Virtual currencies: A useful financial innovation?
Jean-Marc Ayrault has just been appointed France's Prime Minister. He's also Mayor of Nantes, where he is involved in one of Europe's most interesting and radical experiments, and one of the sadly rare examples of a financial innovation that might create value for the public rather than destroying it.
The city is introducing a new virtual currency to sit alongside the Euro. The idea is that by next year businesses in the city will be able to pay or be paid in this currency - the Nanto (not a great name, admittedly).
The main aim is to help business to business trade. The Nanto can't be cashed in or banked, but it's hoped that it will boost trade and the circulation of value, partly building on a parallel experiment in Basel.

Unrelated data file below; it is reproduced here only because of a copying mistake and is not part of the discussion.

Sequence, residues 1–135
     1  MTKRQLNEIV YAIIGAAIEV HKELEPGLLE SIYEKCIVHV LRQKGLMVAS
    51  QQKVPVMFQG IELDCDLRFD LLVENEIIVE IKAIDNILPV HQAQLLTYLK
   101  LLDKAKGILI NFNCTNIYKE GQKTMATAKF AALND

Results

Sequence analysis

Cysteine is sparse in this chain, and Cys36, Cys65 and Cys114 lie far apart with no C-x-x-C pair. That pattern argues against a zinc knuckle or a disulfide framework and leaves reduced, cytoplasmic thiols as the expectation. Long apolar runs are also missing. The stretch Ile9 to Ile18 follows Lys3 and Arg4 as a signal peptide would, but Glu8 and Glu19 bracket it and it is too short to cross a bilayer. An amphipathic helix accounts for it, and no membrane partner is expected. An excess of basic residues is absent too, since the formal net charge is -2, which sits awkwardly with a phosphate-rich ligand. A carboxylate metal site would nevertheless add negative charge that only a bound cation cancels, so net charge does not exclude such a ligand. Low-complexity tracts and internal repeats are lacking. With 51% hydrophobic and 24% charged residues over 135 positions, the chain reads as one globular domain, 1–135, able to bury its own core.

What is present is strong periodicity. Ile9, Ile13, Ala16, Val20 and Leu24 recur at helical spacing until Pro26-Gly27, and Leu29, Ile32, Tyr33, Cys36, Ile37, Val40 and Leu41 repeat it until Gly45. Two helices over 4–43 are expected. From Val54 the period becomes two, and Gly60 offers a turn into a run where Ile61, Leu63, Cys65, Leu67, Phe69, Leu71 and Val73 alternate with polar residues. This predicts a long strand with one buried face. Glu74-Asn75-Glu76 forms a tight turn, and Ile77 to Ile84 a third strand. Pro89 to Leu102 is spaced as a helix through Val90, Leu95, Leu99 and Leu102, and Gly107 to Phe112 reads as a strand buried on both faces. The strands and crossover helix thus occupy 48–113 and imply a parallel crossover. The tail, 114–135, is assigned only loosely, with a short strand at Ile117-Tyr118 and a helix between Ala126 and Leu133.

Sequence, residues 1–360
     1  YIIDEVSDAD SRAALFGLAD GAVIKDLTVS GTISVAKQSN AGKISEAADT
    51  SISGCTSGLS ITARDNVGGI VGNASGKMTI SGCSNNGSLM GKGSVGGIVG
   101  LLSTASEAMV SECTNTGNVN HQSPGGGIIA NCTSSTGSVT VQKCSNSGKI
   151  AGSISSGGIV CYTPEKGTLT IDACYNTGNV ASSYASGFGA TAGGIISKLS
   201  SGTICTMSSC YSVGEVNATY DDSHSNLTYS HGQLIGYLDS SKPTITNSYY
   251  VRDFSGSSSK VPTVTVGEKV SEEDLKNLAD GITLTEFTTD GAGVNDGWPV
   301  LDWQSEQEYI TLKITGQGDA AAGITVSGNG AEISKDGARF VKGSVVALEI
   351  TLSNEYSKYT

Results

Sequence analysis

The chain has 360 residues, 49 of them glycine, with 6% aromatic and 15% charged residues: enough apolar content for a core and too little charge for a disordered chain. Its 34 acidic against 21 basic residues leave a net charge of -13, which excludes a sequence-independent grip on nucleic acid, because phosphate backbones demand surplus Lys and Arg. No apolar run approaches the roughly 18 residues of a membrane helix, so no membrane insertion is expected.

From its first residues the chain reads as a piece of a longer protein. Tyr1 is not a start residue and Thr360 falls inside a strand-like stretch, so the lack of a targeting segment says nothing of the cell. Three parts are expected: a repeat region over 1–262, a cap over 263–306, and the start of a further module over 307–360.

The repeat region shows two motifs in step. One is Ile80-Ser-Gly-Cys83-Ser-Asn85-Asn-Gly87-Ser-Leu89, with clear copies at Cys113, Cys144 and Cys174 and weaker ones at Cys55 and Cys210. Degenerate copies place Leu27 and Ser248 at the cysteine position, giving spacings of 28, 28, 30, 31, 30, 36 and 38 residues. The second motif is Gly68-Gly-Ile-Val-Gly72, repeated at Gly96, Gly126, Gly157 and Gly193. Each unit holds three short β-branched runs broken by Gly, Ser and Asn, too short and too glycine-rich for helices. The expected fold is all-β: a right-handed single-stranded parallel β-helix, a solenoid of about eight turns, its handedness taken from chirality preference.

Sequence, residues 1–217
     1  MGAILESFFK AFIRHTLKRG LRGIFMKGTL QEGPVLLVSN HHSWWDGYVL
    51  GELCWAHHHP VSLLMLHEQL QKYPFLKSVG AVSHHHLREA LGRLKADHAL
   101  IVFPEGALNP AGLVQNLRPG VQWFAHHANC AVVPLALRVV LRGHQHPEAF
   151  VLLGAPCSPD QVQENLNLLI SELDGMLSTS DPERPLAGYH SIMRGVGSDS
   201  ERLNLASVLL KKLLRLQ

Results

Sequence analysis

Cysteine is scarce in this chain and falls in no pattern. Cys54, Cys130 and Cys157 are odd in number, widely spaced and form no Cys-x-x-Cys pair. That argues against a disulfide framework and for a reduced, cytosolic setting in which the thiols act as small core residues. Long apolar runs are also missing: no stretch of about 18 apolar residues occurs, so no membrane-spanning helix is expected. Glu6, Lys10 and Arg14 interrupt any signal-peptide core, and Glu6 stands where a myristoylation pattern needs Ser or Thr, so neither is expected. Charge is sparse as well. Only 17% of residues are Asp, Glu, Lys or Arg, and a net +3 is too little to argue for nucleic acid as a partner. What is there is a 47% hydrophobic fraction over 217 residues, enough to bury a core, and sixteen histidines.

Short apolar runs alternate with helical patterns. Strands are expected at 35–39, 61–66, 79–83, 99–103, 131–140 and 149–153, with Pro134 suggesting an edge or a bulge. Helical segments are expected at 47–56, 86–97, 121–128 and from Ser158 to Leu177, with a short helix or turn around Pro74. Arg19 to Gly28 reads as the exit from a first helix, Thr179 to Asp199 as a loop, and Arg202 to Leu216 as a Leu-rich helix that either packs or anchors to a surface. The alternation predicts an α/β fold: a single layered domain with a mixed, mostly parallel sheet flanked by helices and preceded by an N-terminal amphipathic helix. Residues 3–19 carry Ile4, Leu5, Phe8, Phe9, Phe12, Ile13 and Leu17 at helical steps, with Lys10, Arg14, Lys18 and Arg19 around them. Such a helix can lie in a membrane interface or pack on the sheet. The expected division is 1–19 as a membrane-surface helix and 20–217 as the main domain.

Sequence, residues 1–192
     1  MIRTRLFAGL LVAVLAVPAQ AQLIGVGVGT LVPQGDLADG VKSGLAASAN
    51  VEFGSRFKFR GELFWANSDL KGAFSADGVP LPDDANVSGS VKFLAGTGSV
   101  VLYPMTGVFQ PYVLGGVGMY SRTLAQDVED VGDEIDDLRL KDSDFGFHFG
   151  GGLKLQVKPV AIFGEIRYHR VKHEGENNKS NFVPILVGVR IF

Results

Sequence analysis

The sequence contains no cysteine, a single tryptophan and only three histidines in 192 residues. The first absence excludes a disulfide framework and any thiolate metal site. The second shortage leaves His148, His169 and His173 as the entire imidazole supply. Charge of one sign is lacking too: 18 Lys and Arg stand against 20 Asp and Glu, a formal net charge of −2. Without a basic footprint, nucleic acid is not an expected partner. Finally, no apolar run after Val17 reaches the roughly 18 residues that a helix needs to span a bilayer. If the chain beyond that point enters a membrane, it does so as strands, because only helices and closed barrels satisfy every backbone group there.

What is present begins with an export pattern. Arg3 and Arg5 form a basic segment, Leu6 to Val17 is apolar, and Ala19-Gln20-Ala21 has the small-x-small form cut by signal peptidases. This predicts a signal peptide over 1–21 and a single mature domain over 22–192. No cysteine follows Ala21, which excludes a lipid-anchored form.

It's a step on from the various complementary currencies now in existence in the UK - like the Brixton Pound - and takes the idea of twin monies into the heart of economic life.
Ayrault's appointment is a reminder of the virtue of political systems where national politicians have local roots, and strong experience of how to run things (most politicians get to the Cabinet in the UK with very little).
I've no idea if he'll turn out to be a radical innovator in national government. But he clearly has some appetite for taking creative risks.